Fair Board holds public hearing to discuss speedway renovation proposal


The Metro Fair Board hosted a public hearing on Thursday about the proposed renovations to the racetrack at the Nashville Fairgrounds.
Published: Dec. 8, 2022 at 11:22 PM CST
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NASHVILLE, Tenn. (WSMV) - Dozens of people attended Metro’s Board of Fair Commissioners meeting on Thursday night to discuss the Bristol Motor Speedway’s proposal to take over the Fairgrounds Speedway.

Those for the proposal and in opposition shared emotional pleas with the board members and the public on why they believe the proposal should move forward and reason why not.

“It just makes sense to fix that place and bring revenue into this town,” said one man during the public hearing in favor of the renovations.

“I hope you guys will listen to what Bristol has to say and make a difference by keeping our racetrack because if it wasn’t for that racetrack, you wouldn’t be doing everything else you’re doing right now,” said another man in favor of the renovations.

Some of those in attendance shared their reasons why they don’t want the board to accept the proposal.

“There are fellow Nashvillians who live here and work hear and want to thrive here and you cannot thrive where the racetrack is there,” said a resident who lives near the track.

“Don’t tell us what we should do in our neighborhood unless you want to put a track in yours,” another resident in the area said.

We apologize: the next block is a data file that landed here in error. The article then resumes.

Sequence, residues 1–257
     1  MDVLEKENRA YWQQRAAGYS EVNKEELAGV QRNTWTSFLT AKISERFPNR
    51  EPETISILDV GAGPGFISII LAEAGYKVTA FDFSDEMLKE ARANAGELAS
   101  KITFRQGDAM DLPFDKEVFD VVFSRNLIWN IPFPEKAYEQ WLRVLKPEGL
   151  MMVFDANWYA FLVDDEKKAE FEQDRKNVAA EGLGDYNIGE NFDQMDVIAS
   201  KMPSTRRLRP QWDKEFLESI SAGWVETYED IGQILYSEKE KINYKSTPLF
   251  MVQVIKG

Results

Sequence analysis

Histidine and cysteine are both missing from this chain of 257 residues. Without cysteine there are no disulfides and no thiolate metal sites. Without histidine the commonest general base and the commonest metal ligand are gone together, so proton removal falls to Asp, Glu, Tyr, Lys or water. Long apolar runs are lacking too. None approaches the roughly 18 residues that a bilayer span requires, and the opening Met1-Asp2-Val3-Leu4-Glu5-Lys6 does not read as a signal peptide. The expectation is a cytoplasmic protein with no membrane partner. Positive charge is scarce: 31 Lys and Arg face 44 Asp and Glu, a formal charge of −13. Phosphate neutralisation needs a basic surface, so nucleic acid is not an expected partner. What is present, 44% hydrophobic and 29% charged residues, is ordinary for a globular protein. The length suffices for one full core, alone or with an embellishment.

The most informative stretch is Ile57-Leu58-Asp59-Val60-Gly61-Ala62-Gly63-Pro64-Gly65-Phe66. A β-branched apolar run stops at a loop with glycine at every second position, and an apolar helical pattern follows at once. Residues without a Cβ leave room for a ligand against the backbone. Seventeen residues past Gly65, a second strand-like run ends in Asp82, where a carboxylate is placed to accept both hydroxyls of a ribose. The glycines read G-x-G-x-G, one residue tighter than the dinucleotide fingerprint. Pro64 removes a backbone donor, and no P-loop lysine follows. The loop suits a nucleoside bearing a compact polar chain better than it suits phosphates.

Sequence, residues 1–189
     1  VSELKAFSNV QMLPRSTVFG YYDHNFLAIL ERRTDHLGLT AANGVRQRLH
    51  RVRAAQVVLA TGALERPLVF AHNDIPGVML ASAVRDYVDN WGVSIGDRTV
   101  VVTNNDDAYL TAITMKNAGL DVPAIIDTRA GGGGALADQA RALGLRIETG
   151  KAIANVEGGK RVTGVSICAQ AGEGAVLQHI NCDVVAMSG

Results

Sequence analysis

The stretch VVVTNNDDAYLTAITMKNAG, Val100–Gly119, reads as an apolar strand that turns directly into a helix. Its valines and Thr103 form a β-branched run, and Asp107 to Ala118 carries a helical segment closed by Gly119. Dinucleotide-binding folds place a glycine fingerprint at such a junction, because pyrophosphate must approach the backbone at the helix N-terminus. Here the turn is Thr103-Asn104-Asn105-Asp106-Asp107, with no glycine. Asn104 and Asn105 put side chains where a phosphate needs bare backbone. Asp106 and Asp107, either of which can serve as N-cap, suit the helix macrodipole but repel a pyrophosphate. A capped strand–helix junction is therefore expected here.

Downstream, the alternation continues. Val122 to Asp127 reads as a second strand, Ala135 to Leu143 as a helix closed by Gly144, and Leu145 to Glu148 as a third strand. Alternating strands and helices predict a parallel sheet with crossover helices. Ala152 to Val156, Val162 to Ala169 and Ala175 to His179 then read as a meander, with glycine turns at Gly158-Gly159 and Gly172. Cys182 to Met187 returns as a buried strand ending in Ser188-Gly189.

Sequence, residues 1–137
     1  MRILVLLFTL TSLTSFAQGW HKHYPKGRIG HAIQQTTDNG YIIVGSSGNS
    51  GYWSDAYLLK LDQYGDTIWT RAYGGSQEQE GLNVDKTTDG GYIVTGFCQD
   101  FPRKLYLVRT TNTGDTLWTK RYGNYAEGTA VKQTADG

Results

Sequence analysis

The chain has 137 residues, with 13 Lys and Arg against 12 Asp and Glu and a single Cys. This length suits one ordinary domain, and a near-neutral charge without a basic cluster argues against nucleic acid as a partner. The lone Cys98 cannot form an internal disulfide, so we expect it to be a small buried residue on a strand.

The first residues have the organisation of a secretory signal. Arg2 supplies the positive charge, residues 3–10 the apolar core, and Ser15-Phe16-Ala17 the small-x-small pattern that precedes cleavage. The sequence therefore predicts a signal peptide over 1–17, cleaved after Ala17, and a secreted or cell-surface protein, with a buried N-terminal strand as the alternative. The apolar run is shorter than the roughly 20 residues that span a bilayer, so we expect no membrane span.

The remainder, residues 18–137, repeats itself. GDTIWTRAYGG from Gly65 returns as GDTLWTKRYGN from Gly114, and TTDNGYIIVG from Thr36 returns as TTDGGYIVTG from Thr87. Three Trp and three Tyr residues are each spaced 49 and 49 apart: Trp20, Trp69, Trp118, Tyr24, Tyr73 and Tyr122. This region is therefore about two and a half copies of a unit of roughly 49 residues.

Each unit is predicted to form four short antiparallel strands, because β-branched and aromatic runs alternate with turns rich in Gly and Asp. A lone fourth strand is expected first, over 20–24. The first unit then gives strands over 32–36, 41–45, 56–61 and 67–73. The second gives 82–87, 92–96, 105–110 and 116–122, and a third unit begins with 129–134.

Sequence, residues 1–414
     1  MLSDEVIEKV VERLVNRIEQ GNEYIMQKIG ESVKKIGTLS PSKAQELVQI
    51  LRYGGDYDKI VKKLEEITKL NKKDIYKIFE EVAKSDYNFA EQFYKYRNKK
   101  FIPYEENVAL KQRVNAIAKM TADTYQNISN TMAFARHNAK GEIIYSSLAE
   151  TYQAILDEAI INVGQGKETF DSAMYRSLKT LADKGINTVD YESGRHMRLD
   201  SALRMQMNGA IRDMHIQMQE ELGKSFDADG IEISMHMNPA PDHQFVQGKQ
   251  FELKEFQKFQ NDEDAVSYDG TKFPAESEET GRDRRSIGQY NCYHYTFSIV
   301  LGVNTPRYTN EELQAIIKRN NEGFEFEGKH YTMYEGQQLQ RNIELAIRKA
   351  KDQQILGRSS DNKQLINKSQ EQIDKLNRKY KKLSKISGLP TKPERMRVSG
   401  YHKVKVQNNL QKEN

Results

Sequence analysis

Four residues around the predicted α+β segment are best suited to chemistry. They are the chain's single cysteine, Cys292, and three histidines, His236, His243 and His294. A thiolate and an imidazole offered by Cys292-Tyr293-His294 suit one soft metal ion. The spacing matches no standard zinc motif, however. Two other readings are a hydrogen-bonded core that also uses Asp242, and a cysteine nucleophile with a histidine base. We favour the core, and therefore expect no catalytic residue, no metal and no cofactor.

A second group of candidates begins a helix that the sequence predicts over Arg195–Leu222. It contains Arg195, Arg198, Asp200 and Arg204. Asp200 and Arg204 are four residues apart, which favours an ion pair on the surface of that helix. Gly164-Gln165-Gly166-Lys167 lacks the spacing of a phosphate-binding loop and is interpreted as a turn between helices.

Neighbors who live by the park said it’s too loud and the bottom line is that this type of entertainment venue does not belong in a residential area.

Carelle Woerz is one of those neighbors who live in the Wedgewood-Houston community.

“The track today is unacceptably loud,” Woerz said.

She explained to the board her concerns with the noise level on race day.

“I can’t even have a conversation in my living room with my family and it’s really disrupting,” Woerz said.

But among the noise concerns, residents who are against the proposal said there’s a bigger issue of pollution.

“With the racing you have as it is brought up, each gallon burns about 120,000 pounds of CO2 for each race,” said another woman who is not in support of the proposal.

There were several people, including NASCAR for Nashville members, who said they want to see the 118-year-old track preserved and upgraded.

“They complain about the parking and the traffic with the soccer stadium. Our events will be one time a year, possibly two against 30-something for soccer. They’re not going to know the difference,” racing supporter Norm Partin said.

Partin said he grew up in the neighborhood, becoming a huge NASCAR fan and eventually a business supporter. He said the proposal would be a huge economic boost.

“It helps the city, taxpayers are off the hook, nothing ever works perfectly, but there are stop gaps all the way down, and the whole city and Middle Tennessee will benefit,” Partin said.